"If I think everything should be fair and that I should be able to access care with the money I've already put into taxes, why can't we just convert everyone to health savings accounts?"
This common-sense question was asked by a close friend (and conservative). Firstly, compassion. Humans, especially Americans, recognize that there are times when you're not feeling well or not doing well that allow you to be excused from normal expectations.
For instance, the idea of a "sick day" is a social understanding by society and business that you have been given a brief reprieve from your work duties for a set amount of time. Extrapolated to a larger platform, you have the whole "disability" network wherein people can be compensated for a perceived loss of ability and financial hardship.
For individuals like this (along with children, the chronically ill, and elderly patients), they would be unable to have their own health savings accounts and, subsequently, would require help from the system.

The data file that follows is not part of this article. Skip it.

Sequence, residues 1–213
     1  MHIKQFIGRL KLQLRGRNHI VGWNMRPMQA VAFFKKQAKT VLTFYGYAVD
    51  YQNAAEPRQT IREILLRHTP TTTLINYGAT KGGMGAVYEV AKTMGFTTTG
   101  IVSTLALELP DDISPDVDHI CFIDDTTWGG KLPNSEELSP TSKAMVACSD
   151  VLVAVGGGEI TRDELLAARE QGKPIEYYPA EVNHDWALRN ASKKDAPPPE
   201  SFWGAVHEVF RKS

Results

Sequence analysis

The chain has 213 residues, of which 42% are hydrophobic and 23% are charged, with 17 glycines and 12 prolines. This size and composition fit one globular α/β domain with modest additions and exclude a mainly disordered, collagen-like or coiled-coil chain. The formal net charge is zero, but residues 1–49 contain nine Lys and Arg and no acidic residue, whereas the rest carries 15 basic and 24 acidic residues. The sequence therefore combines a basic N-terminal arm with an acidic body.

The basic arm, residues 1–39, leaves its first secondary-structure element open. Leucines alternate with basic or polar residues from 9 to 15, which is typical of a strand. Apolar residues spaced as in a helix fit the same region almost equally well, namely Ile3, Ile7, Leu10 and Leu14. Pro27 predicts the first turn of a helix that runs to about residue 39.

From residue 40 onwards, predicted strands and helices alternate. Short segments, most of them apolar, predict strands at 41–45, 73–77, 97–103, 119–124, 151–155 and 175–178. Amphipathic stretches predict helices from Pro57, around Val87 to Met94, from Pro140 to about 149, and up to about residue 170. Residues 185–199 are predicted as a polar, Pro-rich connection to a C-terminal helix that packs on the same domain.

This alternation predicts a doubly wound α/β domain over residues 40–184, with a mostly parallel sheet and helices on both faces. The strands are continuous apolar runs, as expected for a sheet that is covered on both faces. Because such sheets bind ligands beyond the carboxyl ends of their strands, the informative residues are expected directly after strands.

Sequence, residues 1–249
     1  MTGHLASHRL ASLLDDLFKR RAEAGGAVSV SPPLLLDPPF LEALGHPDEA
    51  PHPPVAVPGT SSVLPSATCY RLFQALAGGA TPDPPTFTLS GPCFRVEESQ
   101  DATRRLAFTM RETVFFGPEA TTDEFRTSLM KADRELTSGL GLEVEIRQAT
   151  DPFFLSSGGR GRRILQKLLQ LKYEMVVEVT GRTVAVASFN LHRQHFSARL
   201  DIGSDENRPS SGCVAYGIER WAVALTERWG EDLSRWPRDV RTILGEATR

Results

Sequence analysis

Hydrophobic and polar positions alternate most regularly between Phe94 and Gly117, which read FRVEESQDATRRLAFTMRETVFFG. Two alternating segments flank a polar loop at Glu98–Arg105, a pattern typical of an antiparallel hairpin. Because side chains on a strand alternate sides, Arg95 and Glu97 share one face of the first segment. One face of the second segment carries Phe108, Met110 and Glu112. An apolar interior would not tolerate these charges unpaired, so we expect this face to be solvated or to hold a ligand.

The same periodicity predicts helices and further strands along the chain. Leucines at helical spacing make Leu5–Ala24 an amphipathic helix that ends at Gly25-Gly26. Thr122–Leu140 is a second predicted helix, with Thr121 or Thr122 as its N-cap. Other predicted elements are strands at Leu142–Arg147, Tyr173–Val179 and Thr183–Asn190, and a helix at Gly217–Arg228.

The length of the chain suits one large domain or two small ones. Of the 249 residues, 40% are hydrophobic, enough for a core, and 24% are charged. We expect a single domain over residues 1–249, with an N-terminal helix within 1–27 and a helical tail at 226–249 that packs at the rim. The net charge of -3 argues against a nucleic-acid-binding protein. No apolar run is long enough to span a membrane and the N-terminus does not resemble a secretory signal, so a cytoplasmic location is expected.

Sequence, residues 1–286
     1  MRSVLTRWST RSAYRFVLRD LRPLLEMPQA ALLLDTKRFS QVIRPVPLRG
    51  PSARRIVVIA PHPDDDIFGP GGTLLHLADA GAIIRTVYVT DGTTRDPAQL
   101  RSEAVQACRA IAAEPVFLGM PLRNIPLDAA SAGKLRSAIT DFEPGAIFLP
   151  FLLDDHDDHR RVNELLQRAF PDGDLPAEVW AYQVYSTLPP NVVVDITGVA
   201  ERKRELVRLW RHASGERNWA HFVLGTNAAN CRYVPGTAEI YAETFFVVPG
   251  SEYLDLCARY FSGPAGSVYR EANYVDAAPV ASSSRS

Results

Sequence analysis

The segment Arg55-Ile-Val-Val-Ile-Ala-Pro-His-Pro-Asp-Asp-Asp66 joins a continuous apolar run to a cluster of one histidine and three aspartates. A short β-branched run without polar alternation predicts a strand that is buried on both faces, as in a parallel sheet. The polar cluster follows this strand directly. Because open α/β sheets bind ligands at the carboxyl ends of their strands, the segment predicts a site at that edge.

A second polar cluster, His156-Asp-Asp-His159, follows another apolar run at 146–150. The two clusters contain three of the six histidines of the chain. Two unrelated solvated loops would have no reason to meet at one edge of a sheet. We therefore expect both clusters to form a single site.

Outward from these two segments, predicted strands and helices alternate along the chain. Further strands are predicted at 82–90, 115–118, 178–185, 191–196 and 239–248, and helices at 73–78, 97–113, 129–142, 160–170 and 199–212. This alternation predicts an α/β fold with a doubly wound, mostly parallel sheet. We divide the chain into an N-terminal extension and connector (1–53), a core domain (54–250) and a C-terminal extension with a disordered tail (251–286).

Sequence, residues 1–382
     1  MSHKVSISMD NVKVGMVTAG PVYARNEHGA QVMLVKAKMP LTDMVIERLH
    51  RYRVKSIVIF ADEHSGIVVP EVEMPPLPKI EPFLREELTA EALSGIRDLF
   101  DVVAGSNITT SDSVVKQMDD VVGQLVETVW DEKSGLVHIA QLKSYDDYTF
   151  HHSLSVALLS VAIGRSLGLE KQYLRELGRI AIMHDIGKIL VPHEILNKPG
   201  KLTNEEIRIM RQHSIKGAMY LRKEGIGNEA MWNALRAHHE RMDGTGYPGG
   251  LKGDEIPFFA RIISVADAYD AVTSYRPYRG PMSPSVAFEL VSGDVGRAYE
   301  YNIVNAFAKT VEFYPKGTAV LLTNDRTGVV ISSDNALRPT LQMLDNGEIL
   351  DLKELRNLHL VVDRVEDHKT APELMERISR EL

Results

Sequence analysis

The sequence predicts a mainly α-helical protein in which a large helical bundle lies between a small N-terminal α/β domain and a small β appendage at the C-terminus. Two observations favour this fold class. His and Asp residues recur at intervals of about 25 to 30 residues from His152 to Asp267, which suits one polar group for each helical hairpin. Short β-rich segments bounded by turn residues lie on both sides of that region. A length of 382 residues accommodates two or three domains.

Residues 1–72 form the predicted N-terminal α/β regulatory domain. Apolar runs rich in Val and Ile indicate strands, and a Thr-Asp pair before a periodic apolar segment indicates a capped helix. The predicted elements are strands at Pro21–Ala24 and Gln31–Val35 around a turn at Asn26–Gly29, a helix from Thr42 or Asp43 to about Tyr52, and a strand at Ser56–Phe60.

Unfortunately, health care doesn't currently provide readily accessible prevention strategies and does not readily reimburse or promote supportive strategies, such as social workers, case managers, counselors. Many people who would fall into this category then cost the current system more than if we had a P.S.Y.C.H. system.
Secondly, there is power from shared social and fiscal responsibility that drives the "fairness" narrative to which Americans are highly alert. For "everyone to pay their fair share" won't be possible (which is why we have a progressive income tax, sorta). But having everyone pay something helps paying taxes and fees feel easier.
Thirdly, we love transparency. Having a general health fund that you can see and monitor is more transparent than individual health savings accounts and may help with decreasing that feeling of "us versus them," since we're all in a pot together. However, that's not to say you can't have your own individual health policy (which you totally and maybe should have).